Why We Can’t Trust Iran
Do you remember how ABC’s “Nightline with Ted Koppel” began? Its first broadcast was on November 8, 1979. Four days earlier, a group of Iranian students seized the U.S. Embassy in Tehran and took 66 Americans hostage, just months after Supreme Leader Ayatollah Khomeini took over Iran.
ABC started Nightline as a special nighttime program to update Americans on the fate of the hostages. Each day for the next 440 days, Americans followed the unfolding events of the hostage crisis and its trigger, Iran’s Islamic Revolution.
The takeover was not a random act by radical students but a demonstration of the extremist nature of the Islamic Republic and its hatred of America – a hatred that hasn’t vanished, even as the regime is on the verge of signing a nuclear deal with the United States.
The deal between the P5+1 and Iran would likely leave thousands of Iranian centrifuges running and enriching uranium – the fissile material that could eventually be used for nuclear weapons. The deal would also permit Iran to maintain a plutonium path to a bomb and continue to develop long-range ballistic missiles, which would be delivery vehicles for a nuclear bomb.
These realities raise some serious questions: Can we trust the Iranian regime with an intact nuclear infrastructure that leaves Tehran within a year of building a nuclear weapon? Can we trust a regime that spreads havoc in the Middle East and threatens American lives?
On day 26 of the Iranian hostage crisis, Koppel reported that President Jimmy Carter’s mother, Lillian, had vented, “If I had a million dollars, I’d look for someone to kill the Ayatollah Khomeini.” When she spoke those words, it was not yet even known how brutally Iranian revolutionaries had been treating their American prisoners. As some hostages later recounted, beatings, mock executions, and cruel episodes of Russian roulette were part of their ordeal.
During the same period, the revolutionary regime executed thousands of its own citizens. American hostages put in Iranian prisons who witnessed these executions wondered if they would be next.
For 444 days, the United States was in a state of crisis that kept many Americans awake at night. And since then, Iran has continued to attack America with impunity. Some may still remember the attacks against U.S. embassies and military personnel in the Middle East carried out under Ayatollah Khomeini’s guidance in the 1980s.
More recently, the Iranian regime was the key supplier of improvised explosive devices to insurgents in Iraq that killed thousands of American servicemen. And three decades after the conclusion of the Iran hostage crisis, Iran continues to take Americans hostage – since 2007, more than 10 American citizens have been imprisoned in Iran on trumped-up charges. Four of them – a Christian pastor, a journalist, an ex-marine, and a former FBI agent – remain behind bars.
That’s not to mention the other terrors that Iran has unleashed on the world, from Syria to Yemen. Iran is the world’s leading sponsor of terror – and that’s according to the U.S. government.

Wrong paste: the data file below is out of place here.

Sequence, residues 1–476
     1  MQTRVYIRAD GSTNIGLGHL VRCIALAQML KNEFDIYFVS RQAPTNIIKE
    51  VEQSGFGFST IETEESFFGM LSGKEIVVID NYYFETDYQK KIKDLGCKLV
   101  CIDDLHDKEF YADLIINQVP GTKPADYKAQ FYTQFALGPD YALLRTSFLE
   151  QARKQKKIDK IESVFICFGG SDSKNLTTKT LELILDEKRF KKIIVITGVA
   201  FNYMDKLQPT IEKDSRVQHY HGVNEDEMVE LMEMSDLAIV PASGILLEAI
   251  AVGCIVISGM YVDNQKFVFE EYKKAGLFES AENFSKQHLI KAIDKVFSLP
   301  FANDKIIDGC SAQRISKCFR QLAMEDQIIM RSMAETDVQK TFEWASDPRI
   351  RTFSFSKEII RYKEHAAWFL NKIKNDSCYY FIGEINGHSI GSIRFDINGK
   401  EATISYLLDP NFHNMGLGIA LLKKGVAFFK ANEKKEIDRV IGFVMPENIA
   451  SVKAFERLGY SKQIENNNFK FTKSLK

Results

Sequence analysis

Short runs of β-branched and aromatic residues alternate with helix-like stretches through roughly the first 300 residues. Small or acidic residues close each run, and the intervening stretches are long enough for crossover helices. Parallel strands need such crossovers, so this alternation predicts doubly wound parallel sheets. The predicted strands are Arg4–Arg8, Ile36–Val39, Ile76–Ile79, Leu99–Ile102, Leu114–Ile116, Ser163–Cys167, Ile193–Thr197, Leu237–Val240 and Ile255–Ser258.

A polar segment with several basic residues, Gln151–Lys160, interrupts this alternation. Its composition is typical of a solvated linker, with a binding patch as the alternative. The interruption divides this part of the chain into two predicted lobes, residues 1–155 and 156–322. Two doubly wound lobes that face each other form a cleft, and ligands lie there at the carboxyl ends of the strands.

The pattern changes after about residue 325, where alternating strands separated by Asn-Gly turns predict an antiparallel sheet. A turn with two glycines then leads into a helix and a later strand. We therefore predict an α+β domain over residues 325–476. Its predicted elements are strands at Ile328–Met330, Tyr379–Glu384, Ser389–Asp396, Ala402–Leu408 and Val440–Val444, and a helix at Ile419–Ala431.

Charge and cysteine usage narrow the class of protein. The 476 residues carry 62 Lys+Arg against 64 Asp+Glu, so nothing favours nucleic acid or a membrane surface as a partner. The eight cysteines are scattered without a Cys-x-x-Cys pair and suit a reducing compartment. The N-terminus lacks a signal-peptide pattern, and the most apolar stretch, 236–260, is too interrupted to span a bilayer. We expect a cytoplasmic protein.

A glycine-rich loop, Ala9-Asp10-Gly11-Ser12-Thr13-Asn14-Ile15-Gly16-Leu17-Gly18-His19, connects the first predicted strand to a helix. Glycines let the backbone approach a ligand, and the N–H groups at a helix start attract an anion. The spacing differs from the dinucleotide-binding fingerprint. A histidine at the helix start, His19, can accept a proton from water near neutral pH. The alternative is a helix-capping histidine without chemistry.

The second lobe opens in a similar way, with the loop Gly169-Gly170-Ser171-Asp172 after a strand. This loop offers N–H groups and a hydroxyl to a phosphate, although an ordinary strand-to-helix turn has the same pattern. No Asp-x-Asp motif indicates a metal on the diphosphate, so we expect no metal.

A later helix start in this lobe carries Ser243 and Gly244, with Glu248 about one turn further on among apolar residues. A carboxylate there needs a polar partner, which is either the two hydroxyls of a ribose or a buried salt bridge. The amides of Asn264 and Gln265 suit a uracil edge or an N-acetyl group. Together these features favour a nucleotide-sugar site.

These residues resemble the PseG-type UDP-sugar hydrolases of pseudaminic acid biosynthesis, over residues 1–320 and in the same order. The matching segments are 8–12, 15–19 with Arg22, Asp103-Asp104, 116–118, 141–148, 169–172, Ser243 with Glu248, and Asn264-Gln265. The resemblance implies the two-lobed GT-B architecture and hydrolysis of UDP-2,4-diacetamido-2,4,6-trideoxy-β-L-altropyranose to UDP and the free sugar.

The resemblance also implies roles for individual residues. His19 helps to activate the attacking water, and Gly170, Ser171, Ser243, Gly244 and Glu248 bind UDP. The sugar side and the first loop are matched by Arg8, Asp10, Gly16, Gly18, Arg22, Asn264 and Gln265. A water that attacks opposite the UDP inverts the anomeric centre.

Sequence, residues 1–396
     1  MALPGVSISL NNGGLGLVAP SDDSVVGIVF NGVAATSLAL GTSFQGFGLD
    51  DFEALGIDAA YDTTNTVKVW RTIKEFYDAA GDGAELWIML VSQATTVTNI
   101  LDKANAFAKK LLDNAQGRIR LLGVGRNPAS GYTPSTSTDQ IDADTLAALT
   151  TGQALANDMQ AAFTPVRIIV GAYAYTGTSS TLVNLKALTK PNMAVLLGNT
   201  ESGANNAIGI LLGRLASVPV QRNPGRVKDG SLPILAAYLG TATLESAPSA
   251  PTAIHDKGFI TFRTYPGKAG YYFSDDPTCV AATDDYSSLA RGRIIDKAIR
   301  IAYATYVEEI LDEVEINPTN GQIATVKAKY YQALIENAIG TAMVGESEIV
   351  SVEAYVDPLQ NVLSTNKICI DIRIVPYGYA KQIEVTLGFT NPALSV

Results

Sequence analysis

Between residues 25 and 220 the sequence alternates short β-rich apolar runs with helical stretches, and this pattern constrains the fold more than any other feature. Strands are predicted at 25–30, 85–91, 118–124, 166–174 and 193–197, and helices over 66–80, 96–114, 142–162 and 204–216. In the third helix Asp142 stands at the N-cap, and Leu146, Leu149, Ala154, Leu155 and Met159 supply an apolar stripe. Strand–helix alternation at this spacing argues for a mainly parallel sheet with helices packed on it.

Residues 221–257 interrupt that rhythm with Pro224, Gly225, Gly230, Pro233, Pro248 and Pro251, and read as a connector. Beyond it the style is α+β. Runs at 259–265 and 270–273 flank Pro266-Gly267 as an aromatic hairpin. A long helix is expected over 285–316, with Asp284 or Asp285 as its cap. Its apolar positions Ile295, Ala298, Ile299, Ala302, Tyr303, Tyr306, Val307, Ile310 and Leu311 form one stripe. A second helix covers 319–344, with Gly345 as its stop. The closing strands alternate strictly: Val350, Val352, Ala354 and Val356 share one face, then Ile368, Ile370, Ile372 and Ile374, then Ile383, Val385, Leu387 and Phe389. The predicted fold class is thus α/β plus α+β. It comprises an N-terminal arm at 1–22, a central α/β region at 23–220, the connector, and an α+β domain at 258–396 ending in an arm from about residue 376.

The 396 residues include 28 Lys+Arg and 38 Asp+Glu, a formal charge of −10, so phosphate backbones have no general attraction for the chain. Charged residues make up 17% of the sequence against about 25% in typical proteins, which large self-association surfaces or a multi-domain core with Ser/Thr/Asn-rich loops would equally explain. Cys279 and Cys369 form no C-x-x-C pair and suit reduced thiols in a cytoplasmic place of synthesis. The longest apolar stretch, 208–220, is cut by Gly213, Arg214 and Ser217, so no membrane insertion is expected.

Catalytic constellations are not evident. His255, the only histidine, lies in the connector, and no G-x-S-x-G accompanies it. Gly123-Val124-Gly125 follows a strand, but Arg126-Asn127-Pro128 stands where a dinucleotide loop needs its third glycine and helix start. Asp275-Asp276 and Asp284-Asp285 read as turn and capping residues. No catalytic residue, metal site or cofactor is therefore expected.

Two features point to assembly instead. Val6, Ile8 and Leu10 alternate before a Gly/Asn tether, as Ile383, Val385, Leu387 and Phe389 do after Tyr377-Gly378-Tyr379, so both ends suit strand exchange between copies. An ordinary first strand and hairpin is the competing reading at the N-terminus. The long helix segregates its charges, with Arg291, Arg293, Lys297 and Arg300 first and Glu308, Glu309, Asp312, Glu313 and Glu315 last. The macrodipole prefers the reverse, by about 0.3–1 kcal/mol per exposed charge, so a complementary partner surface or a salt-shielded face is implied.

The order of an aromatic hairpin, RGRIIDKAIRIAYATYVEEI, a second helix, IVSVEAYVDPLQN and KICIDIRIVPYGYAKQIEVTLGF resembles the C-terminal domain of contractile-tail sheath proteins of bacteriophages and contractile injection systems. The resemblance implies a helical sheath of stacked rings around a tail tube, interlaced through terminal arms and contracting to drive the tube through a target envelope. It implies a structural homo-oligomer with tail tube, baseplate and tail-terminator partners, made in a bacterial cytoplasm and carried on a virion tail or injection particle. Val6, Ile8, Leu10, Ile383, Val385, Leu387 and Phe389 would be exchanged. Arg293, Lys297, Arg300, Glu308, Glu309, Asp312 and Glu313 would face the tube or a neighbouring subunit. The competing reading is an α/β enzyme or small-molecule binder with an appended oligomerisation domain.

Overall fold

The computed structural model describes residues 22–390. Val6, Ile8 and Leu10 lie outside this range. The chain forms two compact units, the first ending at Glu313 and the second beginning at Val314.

As U.S. negotiators discuss how to resolve the nuclear crisis with their Iranian counterparts, chants calling for “Death to America” continue throughout the Islamic Republic. Just weeks ago, Iran’s Revolutionary Guards destroyed a mock U.S. aircraft carrier during a military drill. Though some pundits claim Tehran has moderated, clearly the regime and Supreme Leader Ali Khamenei have not abandoned their hostility towards America and what it stands for.
Life, liberty, and the pursuit of happiness are scorned by an Iranian regime that promotes terror and violence, not only against its enemies but against its own people. The U.S., demonized by the ayatollahs as the “Great Satan,” is hated not for its role in the Middle East but for its values of freedom and democracy. These values undercut the legitimacy of a regime that has stayed in power for the past 36 years largely through violence, murder, and intimidation.
Despite the regime’s constant anti-American propaganda, many Iranians look at America with admiration and aspire to live in comparable freedom. Those who speak up for liberty and equality face imprisonment, torture, and even murder at the hands of the regime.
Given the Iranian regime’s past and present atrocities – towards its citizens and its perceived enemies – American leaders should recognize the limitations, if not the folly, of a nuclear agreement with Iran that does not address the regime’s violent and extremist behavior. We must not forget about the thousands of Americans who were murdered and maimed at the behest of the Iranian regime. They not only remind us about the nature of a regime that disrespects human life and dignity, their memory also obligates us to distrust our enemies until they abandon their antagonism and aggression against us.
Simone Dinah Hartmann is Vice President of Operations for United Against Nuclear Iran (uani.com) and co-publisher of two anthologies on Iran and its international supporters